Celldex Announces Data from CDX-3379 Clinical Program Presented at ASCO 2019; Promising Biomarker Strategy Identified for Head and Neck Squamous Cell Carcinoma
--Evaluation of biomarkers for patient selection to be incorporated into expanded development program--
Emerging data from the Phase 2 study and earlier studies of CDX-3379 suggest that antitumor activity may be associated with somatic mutations in certain genes. Based on these observations, Celldex conducted an exploratory biomarker analysis in 18 HNSCC patients across the CDX-3379 clinical development program. These results support the further development of CDX-3379 in biomarker-selected patient populations and were highlighted during a presentation at
“We have observed intriguing clinical activity across a number of patients with similar gene mutation patterns in a disease that has extremely limited treatment options and a particularly poor prognosis,” said Dr. Bauman. “While the data are early, they are provocative and suggest the potential for a biomarker enrichment strategy that could change the standard of care for these patients. I look forward to the opportunity to obtain additional data on CDX-3379 in biomarker selected patient populations.”
CDX-3379 is a human monoclonal antibody that uniquely blocks the activity of ErbB3 (HER3). ErbB3 is expressed in many cancers, including head and neck squamous cell cancer (HNSCC) and is believed to be an important receptor regulating cancer cell growth and survival as well as resistance to targeted therapies.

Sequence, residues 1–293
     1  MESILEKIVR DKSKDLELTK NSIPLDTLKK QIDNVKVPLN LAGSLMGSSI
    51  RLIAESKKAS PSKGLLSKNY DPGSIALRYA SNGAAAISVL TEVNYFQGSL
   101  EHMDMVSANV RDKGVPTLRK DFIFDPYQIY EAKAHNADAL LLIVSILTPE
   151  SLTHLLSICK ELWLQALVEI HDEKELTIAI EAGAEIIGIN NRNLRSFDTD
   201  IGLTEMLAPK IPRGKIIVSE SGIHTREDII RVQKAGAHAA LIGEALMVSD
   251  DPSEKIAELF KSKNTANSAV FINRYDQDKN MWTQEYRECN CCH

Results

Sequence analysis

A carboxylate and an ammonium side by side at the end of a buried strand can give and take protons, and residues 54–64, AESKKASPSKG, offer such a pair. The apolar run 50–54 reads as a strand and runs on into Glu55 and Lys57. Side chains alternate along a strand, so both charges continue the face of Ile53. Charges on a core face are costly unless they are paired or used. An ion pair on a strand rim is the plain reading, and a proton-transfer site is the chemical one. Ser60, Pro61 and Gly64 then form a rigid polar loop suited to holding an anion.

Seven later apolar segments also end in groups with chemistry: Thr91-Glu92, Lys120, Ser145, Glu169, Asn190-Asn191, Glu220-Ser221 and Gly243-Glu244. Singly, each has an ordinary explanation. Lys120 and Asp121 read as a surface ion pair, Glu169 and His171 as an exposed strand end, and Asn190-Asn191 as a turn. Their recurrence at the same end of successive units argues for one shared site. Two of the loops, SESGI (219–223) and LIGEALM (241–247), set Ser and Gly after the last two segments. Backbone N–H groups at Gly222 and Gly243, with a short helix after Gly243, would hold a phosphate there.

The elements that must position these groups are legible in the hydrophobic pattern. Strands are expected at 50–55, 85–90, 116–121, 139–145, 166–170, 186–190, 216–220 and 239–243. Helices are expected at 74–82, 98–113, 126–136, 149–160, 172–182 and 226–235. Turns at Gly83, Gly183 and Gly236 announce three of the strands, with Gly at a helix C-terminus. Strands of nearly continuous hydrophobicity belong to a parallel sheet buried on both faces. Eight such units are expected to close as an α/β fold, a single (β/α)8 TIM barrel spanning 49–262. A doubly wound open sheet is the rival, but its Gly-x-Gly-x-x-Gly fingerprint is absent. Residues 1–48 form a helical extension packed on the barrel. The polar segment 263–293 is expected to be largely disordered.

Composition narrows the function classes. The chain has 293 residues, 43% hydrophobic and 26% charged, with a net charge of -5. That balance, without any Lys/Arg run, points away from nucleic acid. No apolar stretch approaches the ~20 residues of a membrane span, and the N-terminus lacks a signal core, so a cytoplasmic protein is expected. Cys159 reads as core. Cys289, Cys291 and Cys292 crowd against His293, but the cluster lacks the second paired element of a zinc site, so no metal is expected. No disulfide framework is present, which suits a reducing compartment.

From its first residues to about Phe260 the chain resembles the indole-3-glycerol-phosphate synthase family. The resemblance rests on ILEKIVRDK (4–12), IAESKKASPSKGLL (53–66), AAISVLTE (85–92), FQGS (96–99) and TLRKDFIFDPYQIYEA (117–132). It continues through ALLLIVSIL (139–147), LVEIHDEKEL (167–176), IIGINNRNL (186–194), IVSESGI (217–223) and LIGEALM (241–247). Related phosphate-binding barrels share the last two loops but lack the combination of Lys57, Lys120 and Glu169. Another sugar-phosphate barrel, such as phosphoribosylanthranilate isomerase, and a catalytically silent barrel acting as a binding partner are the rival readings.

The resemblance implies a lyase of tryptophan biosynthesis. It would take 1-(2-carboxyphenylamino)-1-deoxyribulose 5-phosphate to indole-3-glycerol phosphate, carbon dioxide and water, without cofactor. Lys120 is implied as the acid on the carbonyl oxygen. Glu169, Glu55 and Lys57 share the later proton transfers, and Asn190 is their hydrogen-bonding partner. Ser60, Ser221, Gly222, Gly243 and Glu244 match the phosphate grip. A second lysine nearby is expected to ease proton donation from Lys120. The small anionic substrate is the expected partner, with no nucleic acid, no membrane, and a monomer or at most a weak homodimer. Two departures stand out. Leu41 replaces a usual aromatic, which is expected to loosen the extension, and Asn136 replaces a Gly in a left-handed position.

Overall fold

Next-generation sequencing was performed on tumor samples from 18 patients with HNSCC treated with CDX-3379 across the three clinical studies. This data set included four patients with clinical responses, including two durable complete responses (11+ months and 8.3 months), an exceptional partial response (greater than 92% tumor shrinkage) and an unconfirmed partial response; eight patients with stable disease and/or tumor shrinkage; and, six patients with progressive disease.
- Across the CDX-3379 program, FAT1 and NOTCH1, NOTCH2, or NOTCH3 mutations and primary tumor site of oral cavity were associated with clinical activity (clinical response, tumor shrinkage and stable disease) in HNSCC
- All four clinical responses occurred in patients with FAT1 mutations
- All four clinical responses occurred in patients with a primary tumor site of oral cavity
- Three of the four clinical responses occurred in patients who also had NOTCH1, NOTCH2 or NOTCH3 mutations
- Also, of note, all patients (n=7 of 18) who experienced clinical benefit (objective response or stable disease greater than or equal to 12 weeks) had FAT1 and/or NOTCH1-3 mutations.
- Current literature suggests that loss of FAT1 function results in activation of the transcriptional cofactor YAP11; YAP1 has been shown to upregulate components of ErbB signaling pathways2,3, including the ErbB3 ligand NRG14
- Inactivating mutations in the FAT1 and NOTCH genes have been identified in 32% and 26% of HPV(-) HNSCC tumors, respectively5
- Preclinical studies investigating the association of CDX-3379 sensitivity and inactivating mutations of FAT1 and other genes are ongoing
Phase 2 CDX-3379 Study Results and Next Steps